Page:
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The National Portrait Gallery acknowledges the Traditional Custodians of Country throughout Australia and recognises the continuing connection to lands, waters and communities. We pay our respect to Aboriginal and Torres Strait Islander cultures and to Elders both past and present.

Aboriginal and Torres Strait Islander viewers are warned that this website contains images of deceased persons.

Portrait of Jill Neville, 1967 (completed 1997)

Reginald Gray

oil and egg tempera on canvas (frame: 43.0 cm x 34.0 cm, support: 33.0 cm x 24.0 cm)

Jill Neville (1932-1997), writer and critic, grew up in Sydney and the Blue Mountains. From the age of 17 she was the darling of assorted Sydney bohemians, but she left for London in the early 1950s. When her brother Richard Neville arrived in London, she introduced him to people who helped launch the English incarnation of his magazine Oz, the first issues of which were published from her Bayswater home. In 1966 she published her first novel, Fall-Girl, which drew on her tumultuous relationships with the poets Peter Porter and Robert Lowell. Moving to Paris the following year, she went on to write six more novels, several of which explore the experience of individuals torn between Europe and Australia. Through the 1980s and early 90s she was a regular reviewer for the Independent, the Times Literary Supplement, the Observer, London Magazine and the Australian.

Reginald Gray is a professional portraitist living in Paris. Born in Dublin, he studied at the National College of Art, became a designer for the Pike and Gate Theatres in Dublin and the Lyric Theatre in London, and held his first one-man exhibition at the Abbott and Holder Gallery in London in 1960. In the late 1950s and early 1960s Gray was involved with the School of London artists led by Francis Bacon, Lucian Freud and Frank Auerbach. He moved to Paris in the 1960s, and began this portrait soon after he met Jill Neville there in 1967. They lost touch before it was completed, but he finished the canvas as a tribute to Neville when he heard the news of her death in 1997.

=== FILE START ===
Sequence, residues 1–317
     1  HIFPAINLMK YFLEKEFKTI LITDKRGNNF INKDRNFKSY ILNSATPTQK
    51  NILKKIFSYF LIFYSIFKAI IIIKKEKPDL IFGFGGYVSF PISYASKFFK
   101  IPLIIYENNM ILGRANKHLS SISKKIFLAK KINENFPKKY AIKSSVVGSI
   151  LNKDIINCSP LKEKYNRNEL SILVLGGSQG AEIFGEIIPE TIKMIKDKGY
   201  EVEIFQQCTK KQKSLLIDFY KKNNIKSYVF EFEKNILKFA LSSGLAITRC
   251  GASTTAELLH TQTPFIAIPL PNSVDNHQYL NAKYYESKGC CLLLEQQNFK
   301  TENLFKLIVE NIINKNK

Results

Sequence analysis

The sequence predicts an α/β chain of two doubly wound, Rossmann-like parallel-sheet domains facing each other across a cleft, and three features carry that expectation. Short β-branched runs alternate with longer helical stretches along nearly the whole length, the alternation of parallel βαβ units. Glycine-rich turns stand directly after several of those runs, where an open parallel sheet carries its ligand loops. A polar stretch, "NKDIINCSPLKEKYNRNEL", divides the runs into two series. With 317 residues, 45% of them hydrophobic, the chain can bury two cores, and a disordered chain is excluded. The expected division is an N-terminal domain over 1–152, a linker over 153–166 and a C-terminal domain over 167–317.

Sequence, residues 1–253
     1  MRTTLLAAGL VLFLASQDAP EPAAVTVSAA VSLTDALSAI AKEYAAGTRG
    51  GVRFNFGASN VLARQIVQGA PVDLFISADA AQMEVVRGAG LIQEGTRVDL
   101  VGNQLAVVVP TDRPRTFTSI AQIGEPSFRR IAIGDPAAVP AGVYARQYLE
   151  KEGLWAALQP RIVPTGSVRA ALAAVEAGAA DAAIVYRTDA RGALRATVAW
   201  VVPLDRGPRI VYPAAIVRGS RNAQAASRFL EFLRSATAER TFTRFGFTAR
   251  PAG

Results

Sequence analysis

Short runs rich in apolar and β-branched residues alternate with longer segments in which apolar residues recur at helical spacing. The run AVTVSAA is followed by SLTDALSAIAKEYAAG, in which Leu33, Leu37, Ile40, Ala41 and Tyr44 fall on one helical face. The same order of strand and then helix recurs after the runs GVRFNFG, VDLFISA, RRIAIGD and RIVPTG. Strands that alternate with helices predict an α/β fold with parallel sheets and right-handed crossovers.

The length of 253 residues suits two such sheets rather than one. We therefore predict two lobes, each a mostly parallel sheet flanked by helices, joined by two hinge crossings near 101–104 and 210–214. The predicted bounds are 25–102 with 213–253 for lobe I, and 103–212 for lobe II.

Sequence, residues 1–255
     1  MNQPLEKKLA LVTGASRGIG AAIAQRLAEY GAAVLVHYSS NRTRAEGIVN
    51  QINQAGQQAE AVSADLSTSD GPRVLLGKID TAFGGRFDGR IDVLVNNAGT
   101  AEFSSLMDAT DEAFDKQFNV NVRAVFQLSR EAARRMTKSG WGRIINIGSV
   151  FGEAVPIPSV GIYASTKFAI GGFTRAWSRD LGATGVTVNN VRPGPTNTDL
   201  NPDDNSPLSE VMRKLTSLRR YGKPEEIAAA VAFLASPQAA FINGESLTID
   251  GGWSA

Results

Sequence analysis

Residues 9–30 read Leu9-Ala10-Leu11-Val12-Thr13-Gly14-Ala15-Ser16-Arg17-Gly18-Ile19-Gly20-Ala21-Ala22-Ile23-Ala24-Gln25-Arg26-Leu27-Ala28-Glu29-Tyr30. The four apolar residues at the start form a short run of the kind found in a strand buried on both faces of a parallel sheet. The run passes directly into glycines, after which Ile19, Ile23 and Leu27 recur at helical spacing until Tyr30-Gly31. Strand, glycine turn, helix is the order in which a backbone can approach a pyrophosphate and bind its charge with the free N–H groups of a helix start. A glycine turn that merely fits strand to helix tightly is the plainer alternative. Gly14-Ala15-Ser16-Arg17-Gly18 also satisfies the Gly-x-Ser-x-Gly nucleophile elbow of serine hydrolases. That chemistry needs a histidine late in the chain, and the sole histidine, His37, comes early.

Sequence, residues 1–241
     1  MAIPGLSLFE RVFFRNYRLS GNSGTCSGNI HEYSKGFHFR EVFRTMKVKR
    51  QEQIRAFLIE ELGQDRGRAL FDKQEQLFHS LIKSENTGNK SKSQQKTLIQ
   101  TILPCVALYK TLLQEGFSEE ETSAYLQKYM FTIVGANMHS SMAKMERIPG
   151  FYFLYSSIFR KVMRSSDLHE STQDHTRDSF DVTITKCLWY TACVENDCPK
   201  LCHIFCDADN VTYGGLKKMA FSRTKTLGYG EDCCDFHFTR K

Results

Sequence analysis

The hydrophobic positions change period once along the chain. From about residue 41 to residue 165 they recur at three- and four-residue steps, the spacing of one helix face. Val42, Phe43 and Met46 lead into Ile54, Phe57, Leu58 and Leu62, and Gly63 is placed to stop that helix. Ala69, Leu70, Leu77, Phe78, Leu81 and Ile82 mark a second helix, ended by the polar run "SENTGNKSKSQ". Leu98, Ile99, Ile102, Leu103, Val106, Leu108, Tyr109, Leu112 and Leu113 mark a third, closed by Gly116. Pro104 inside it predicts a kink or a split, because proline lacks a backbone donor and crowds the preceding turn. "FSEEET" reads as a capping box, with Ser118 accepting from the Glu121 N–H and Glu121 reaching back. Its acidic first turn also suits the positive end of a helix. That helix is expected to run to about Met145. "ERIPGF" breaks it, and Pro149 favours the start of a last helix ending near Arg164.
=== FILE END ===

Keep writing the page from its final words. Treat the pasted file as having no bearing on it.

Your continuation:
Collection: National Portrait Gallery
Gift of the artist 2002
© Reginald Gray

Accession number: 2002.53

Currently not on display

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Artist and subject

Reginald Gray (age 37 in 1967)

Jill Neville (age 35 in 1967)

Related information

The Companion

Permanent collection catalogue

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On one level The Companion talks about the most famous and frontline Australians, but on another it tells us about ourselves: who we read, who we watch, who we listen to, who we cheer for, who we aspire to be, and who we'll never forget. The Companion is available to buy online and in the Portrait Gallery Store.

Miranda Otto, 1997 Montalbetti+Campbell
Miranda Otto, 1997 Montalbetti+Campbell
Miranda Otto, 1997 Montalbetti+Campbell
Miranda Otto, 1997 Montalbetti+Campbell

Eye to eye

Previous exhibition, 2019

Eye to Eye is a summer Portrait Gallery Collection remix arranged by degree of eye contact – from turned away with eyes closed all the way through to right-back-at-you – as we explore artists’ and subjects’ choices around the direction of the gaze.

The National Portrait Gallery
The National Portrait Gallery
The National Portrait Gallery

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Explore portraiture and come face to face with Australian identity, history, culture, creativity and diversity.

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The National Portrait Gallery acknowledges the Traditional Custodians of Country throughout Australia and recognises the continuing connection to lands, waters and communities. We pay our respect to Aboriginal and Torres Strait Islander cultures and to Elders both past and present.

Aboriginal and Torres Strait Islander viewers are warned that this website contains images of deceased persons.